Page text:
DateTime::Locale::FromData(3) Class for locale objects instantiated from pre-defined data


version 1.05


my $locale = DateTime::Locale::FromData->new(%lots_of_data)


This class is used to represent locales instantiated from the data in the DateTime::Locale::Data module.


This class provides the following methods:
  • $locale->code

    The complete locale id, something like ``en-US''.

  • $locale->language_code

    The language portion of the code, like ``en''.

  • $locale->script_code

    The script portion of the code, like ``Hant''.

  • $locale->territory_code

    The territory portion of the code, like ``US''.

  • $locale->variant_code

    The variant portion of the code, like ``POSIX''.

  • $locale->name

    The locale's complete name, which always includes at least a language component, plus optional territory and variant components. Something like ``English United States''. The value returned will always be in English.

  • $locale->language
  • $locale->script
  • $locale->territory
  • $locale->variant

    The relevant component from the locale's complete name, like ``English'' or ``United States''.

  • $locale->native_name

    The locale's complete name in localized form as a UTF-8 string.

  • $locale->native_language
  • $locale->native_script
  • $locale->native_territory
  • $locale->native_variant

    The relevant component from the locale's complete native name as a UTF-8 string.

The following methods all return an array reference containing the specified data.

The methods with ``format'' in the name should return strings that can be used a part of a string, like ``the month of July''. The stand alone values are for use in things like calendars as opposed to a sentence.

The narrow forms may not be unique (for example, in the day column heading for a calendar it's okay to have ``T'' for both Tuesday and Thursday).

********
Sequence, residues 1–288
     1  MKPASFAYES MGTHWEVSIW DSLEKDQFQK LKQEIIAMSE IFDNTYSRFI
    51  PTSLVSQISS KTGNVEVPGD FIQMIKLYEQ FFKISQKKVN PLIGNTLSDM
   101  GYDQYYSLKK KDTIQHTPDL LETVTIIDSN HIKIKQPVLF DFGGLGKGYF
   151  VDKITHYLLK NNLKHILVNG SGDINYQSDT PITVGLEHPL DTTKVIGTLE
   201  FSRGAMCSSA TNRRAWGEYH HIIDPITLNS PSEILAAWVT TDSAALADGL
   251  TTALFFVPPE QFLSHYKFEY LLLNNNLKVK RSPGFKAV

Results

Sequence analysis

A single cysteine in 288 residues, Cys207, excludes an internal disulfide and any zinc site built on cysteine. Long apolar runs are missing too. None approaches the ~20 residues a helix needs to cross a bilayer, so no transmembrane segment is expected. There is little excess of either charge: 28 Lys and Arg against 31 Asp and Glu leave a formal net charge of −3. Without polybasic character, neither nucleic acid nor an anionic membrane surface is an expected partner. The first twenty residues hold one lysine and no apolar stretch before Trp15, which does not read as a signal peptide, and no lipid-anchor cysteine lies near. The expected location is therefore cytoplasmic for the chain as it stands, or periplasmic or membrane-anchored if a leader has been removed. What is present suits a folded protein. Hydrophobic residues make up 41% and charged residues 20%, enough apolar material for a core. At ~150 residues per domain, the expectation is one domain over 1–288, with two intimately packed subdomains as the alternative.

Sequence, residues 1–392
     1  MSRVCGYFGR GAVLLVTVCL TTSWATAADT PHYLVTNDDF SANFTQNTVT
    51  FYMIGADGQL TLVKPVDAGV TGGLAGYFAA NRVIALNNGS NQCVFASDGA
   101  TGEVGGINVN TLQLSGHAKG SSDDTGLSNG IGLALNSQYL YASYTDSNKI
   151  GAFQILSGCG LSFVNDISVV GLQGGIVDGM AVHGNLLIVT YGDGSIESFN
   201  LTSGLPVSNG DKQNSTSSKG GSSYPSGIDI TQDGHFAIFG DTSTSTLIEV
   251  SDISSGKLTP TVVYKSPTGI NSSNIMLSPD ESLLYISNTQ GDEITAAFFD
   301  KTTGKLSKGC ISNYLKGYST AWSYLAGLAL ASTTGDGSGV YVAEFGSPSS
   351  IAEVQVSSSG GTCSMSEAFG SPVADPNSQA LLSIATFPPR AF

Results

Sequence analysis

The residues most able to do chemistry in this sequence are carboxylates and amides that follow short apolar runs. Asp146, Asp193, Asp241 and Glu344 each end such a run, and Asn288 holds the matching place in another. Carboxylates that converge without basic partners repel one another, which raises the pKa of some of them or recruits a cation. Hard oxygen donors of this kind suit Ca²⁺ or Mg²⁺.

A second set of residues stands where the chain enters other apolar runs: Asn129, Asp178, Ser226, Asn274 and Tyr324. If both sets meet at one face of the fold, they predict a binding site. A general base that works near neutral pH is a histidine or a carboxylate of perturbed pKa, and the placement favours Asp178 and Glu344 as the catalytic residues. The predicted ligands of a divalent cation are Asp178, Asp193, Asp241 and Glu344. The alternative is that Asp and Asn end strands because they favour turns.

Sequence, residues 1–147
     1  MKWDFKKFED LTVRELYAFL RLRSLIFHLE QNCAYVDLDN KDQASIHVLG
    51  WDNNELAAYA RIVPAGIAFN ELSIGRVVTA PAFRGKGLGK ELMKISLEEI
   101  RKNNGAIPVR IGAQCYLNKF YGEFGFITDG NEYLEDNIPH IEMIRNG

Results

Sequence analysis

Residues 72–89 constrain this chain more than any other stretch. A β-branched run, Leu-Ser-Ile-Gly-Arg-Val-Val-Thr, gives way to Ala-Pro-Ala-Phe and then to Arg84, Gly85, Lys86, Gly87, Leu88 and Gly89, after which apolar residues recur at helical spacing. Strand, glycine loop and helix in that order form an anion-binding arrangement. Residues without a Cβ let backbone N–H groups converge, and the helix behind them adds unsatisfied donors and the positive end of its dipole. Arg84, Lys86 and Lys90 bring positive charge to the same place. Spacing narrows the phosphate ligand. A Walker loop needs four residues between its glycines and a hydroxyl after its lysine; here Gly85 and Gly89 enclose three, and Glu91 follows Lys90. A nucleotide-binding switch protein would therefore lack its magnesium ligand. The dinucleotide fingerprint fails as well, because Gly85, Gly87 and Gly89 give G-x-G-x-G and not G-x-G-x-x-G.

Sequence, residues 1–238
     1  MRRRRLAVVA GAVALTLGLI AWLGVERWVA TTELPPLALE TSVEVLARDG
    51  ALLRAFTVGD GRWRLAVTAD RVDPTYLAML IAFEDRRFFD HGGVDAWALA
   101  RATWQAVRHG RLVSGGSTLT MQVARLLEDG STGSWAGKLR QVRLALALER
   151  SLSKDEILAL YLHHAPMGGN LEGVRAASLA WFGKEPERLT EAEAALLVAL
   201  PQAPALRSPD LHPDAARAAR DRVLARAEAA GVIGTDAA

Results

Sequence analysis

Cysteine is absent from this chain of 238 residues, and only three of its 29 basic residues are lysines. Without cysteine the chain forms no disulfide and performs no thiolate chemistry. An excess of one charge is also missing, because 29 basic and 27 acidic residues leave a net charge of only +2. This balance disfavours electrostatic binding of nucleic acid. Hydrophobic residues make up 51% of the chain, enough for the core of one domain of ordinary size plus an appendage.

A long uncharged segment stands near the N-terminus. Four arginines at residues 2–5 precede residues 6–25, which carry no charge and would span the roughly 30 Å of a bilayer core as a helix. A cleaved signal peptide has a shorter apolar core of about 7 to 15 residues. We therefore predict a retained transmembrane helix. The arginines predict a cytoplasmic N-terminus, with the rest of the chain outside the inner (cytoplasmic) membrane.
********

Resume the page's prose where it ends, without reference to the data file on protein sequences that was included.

The wide name should always be the full name of thing in question. The narrow name should be just one or two characters.

  • $locale->month_format_wide
  • $locale->month_format_abbreviated
  • $locale->month_format_narrow
  • $locale->month_stand_alone_wide
  • $locale->month_stand_alone_abbreviated
  • $locale->month_stand_alone_narrow
  • $locale->day_format_wide
  • $locale->day_format_abbreviated
  • $locale->day_format_narrow
  • $locale->day_stand_alone_wide
  • $locale->day_stand_alone_abbreviated
  • $locale->day_stand_alone_narrow
  • $locale->quarter_format_wide
  • $locale->quarter_format_abbreviated
  • $locale->quarter_format_narrow
  • $locale->quarter_stand_alone_wide
  • $locale->quarter_stand_alone_abbreviated
  • $locale->quarter_stand_alone_narrow
  • $locale->am_pm_abbreviated
  • $locale->era_wide
  • $locale->era_abbreviated
  • $locale->era_narrow

The following methods return strings appropriate for the "DateTime->format_cldr" method:

  • $locale->date_format_full
  • $locale->date_format_long
  • $locale->date_format_medium
  • $locale->date_format_short
  • $locale->time_format_full
  • $locale->time_format_long
  • $locale->time_format_medium
  • $locale->time_format_short
  • $locale->datetime_format_full
  • $locale->datetime_format_long
  • $locale->datetime_format_medium
  • $locale->datetime_format_short

A locale may also offer one or more formats for displaying part of a datetime, such as the year and month, or hour and minute.

  • $locale->format_for($name)

    These are accessed by passing a name to "$locale->format_for(...)", where the name is a CLDR-style format specifier.

    The return value is a string suitable for passing to "$dt->format_cldr", so you can do something like this:

      print $dt->format_cldr( $dt->locale->format_for('MMMdd') )

    which for the ``en'' locale would print out something like ``08 Jul''.

    Note that the localization may also include additional text specific to the locale. For example, the ``MMMMd'' format for the ``zh'' locale includes the Chinese characters for ``day'' (日) and month (月), so you get something like ``8月23日''.

  • $locale->available_formats

    This should return a list of all the format names that could be passed to "$locale->format_for".

There are also some miscellaneous methods:

  • $locale->prefers_24_hour_time

    Returns a boolean indicating whether or not the locale prefers 24-hour time.

  • $locale->first_day_of_week

    Returns a number from 1 to 7 indicating the local first day of the week, with Monday being 1 and Sunday being 7.

  • $locale->version

    The CLDR version from which this locale was generated.


Bugs may be submitted through the RT bug tracker <> (or [email protected] <mailto:[email protected]>).

There is a mailing list available for users of this distribution, <mailto:[email protected]>.

I am also usually active on IRC as 'drolsky' on "irc://".


Dave Rolsky <[email protected]>


This software is copyright (c) 2016 by Dave Rolsky.

This is free software; you can redistribute it and/or modify it under the same terms as the Perl 5 programming language system itself.